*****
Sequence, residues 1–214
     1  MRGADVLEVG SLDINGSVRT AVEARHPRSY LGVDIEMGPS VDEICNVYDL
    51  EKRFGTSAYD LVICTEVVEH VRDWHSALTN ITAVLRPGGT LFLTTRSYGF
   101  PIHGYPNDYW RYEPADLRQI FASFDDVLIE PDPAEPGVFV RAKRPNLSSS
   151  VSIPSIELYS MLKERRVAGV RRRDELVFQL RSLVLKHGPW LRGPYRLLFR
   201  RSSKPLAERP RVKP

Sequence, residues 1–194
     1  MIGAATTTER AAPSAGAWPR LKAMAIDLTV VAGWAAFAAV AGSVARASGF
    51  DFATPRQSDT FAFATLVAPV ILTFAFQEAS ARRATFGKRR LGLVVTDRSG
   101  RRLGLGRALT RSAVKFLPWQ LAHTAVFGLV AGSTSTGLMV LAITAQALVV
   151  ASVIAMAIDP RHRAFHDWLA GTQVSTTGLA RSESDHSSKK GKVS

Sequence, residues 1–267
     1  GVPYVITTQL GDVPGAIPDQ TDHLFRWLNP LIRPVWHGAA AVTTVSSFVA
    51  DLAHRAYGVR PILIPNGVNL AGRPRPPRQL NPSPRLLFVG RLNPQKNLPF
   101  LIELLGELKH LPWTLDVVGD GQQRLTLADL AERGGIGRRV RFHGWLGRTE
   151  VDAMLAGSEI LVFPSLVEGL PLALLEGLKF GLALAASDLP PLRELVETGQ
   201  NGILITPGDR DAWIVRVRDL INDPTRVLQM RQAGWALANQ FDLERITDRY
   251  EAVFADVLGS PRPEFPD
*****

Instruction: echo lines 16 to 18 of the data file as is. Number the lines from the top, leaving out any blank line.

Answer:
   151  VDAMLAGSEI LVFPSLVEGL PLALLEGLKF GLALAASDLP PLRELVETGQ
   201  NGILITPGDR DAWIVRVRDL INDPTRVLQM RQAGWALANQ FDLERITDRY
   251  EAVFADVLGS PRPEFPD